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Thursday, July 19, 2018

In historic vote,Kyrgyzstan backs new Constitution

Kyrgystan voted on Sunday to create Central Asia’s first parliamentary democracy,its interim leader said in a landmark referendum...

Written by Reuters | Bishek/osh | Published: June 28, 2010 1:33:23 am

Kyrgystan voted on Sunday to create Central Asia’s first parliamentary democracy,its interim leader said,in a landmark referendum two weeks after an explosion of ethnic bloodshed.

Roza Otunbayeva said the country had embarked on the path to establishing a true people’s democracy in contrast to previous presidential systems. “The new Constitution of the Kyrgyz republic has been approved,” she said at a news conference in the capital Bishkek,after earlier voting amid heavy security in the troubled southern city of Osh. “We are proud of our people. We are proud of our country,which made this choice at a difficult hour.”

At least 283 people,and possibly hundreds more,died this month in violence between ethnic Kyrgyz and Uzbeks in southern Kyrgyzstan.

Under the new charter,Otunbayeva — the first woman to lead a Central Asian state — will be interim President until the end of 2011. Parliamentary elections will be held every five years and the President limited to a single six-year term.

The US and Russia say they would support a strong government to prevent the turmoil spreading throughout Central Asia,a region bordering Afghanistan.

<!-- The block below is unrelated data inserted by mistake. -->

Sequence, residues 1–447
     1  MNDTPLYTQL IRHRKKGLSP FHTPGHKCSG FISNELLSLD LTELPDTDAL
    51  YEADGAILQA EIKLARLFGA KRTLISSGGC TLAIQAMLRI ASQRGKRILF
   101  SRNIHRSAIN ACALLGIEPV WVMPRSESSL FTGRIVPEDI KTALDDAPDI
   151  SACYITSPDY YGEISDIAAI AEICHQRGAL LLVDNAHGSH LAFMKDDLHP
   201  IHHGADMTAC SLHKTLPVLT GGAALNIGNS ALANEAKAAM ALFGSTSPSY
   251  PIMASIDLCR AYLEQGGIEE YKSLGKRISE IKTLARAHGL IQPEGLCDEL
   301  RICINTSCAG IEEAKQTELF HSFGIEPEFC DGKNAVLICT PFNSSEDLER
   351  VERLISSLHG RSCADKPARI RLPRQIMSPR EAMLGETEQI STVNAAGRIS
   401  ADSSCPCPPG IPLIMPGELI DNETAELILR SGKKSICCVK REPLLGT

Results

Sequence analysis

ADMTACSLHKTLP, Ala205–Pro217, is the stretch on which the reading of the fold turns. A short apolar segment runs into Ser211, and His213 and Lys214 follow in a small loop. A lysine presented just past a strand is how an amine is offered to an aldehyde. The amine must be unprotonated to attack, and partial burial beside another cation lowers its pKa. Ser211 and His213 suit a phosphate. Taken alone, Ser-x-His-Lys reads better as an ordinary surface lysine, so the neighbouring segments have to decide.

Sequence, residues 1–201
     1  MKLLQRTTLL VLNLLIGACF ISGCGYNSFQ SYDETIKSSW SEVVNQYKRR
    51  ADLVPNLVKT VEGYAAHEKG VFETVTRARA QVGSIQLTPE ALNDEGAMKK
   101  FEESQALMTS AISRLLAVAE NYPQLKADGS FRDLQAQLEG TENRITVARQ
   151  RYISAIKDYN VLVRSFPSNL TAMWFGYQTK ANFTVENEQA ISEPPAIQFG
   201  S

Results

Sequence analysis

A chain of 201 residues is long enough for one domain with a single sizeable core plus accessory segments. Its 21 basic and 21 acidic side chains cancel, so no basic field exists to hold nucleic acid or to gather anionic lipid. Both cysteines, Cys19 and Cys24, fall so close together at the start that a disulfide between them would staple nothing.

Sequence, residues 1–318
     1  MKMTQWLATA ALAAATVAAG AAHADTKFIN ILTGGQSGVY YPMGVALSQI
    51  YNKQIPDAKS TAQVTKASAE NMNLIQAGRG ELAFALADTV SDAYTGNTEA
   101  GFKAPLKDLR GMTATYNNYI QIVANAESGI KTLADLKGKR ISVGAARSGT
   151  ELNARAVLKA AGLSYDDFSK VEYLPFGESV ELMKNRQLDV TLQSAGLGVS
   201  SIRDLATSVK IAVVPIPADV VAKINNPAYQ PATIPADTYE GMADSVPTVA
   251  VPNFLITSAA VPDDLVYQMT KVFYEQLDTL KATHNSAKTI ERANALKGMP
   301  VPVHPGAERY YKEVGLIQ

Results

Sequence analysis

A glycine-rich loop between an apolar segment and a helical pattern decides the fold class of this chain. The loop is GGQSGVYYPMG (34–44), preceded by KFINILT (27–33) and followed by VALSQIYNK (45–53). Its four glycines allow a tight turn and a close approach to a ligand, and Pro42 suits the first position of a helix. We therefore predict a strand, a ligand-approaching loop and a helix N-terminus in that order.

The referendum asked voters to support changes to the Constitution that will devolve power from the President to a Prime Minister,paving the way for parliamentary elections in October and diplomatic recognition for the interim government.

Otunbayeva said 65 per cent of the electorate had voted. The central election commission put the figure at 57.74 per cent,although ballot papers were still being counted after polls closed at 8:00 pm local time. No minimum turnout was required.

Otunbayeva,a former ambassador to the US and Britain,took power after a revolt in April overthrew President Kurmanbek Bakiyev. Though from the south,she has struggled to gain control of the region,Bakiyev’s family stronghold. In a clear reference to her predecessor,Otunbayeva said,“Today the nation said: No to family clan regimes.”

From his exile in Belarus,Bakiyev has earlier dismissed the referendum and the leader who replaced him,saying her behaviour was frivolous and irresponsible. “She is leading the country into a dead end,” he said in an interview in the online edition of German weekly Der Spiegel.

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